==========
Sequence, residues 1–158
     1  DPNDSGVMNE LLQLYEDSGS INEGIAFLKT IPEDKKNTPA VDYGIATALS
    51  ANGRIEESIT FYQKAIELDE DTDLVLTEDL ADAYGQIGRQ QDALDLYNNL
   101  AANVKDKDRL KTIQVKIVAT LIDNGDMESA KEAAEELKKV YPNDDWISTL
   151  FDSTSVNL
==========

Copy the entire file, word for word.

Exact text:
Sequence, residues 1–158
     1  DPNDSGVMNE LLQLYEDSGS INEGIAFLKT IPEDKKNTPA VDYGIATALS
    51  ANGRIEESIT FYQKAIELDE DTDLVLTEDL ADAYGQIGRQ QDALDLYNNL
   101  AANVKDKDRL KTIQVKIVAT LIDNGDMESA KEAAEELKKV YPNDDWISTL
   151  FDSTSVNL